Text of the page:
Another major issue raised by the book is about the future of India’s agriculture. With big data and artificial intelligence available, agricultural landscape and crop patterns can now be digitized and global grain, fruit and vegetable production anticipated turning India’s agrarian economy into a giant lab. The book provides a rare peep into the seedy business of seed farming and the global push towards genetically modified crops by multinationals. This can destabilize Indian agriculture practices, which sustain nearly two-thirds of the population. Agriculture in India is more than a means of livelihood; it is a way of life and a complex mosaic of caste-based system still thriving on political patronage. Any sudden disruption here can lead to a violent social backlash and migration of large sections of communities, which can be disastrous. But in the name of modernization and agricultural reforms, the government is ignoring early smoke signals of looming distress in the hinterland.
The book provides what we need most in India today—A2K. Access to knowledge about the geopolitics of digitization; its connections to financial technology firms; their relations to international internet governance; the shift in global order and its impact on geographies and societies—are all subjects being discussed at global fora. The popular media is only skimming the surface of these subjects within its limited remit of commercial viability. Its focus is mainly financial successes rather than the long-term ramifications of the effects of Digital India.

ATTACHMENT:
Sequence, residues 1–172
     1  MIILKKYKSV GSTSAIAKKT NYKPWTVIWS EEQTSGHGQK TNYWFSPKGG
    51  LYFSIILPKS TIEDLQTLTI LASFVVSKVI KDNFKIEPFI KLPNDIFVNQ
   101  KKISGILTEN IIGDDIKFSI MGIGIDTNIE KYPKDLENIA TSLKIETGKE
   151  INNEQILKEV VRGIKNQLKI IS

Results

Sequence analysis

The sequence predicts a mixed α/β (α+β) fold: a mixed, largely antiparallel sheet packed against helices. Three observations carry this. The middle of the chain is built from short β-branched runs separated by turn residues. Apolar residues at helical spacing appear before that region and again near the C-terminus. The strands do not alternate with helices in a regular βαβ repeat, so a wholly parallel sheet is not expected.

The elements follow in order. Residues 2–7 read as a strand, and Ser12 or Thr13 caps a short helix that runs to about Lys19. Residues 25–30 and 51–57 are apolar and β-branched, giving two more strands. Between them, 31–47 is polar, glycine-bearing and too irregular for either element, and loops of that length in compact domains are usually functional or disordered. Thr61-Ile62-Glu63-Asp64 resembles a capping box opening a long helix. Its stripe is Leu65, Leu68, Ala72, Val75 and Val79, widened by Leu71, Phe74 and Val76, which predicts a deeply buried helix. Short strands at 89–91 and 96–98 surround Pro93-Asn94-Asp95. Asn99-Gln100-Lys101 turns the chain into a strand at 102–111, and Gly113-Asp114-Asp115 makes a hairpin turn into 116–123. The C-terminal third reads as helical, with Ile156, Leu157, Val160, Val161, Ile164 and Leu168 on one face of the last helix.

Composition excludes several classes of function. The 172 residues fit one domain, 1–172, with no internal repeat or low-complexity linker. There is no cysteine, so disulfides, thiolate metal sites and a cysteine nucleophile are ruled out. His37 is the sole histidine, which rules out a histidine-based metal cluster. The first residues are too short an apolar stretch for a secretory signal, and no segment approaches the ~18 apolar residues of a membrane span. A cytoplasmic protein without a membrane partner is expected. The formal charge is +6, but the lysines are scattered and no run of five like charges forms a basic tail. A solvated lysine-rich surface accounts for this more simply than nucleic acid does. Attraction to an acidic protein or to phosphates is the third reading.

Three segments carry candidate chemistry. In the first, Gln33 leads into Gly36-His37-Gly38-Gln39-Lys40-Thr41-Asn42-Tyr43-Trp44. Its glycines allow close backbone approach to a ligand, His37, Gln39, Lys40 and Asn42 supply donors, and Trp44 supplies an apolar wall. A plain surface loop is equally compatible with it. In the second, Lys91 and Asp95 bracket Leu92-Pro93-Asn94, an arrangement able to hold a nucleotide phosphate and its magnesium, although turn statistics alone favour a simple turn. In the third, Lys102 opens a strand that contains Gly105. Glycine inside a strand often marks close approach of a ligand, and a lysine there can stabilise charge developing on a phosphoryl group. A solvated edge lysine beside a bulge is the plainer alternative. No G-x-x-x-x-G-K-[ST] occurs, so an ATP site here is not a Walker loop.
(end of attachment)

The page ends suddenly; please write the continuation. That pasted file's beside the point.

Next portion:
In the book, Pradip Ninan Thomas ignites several theories, which can be starting points to further research and reportage. The Politics of Digital India needs a follow up in several directions to disseminate more and better understanding on these critical areas. The debates and discussions on the political economy of the future of Indian state described as ‘polymorphous’ within the book can determine the future of the second largest population on the planet.
Pankaj Pachauri is an Indian TV anchor and journalist. He is the founder and editor-in-chief of Gonews, India’s first app based TV News channel.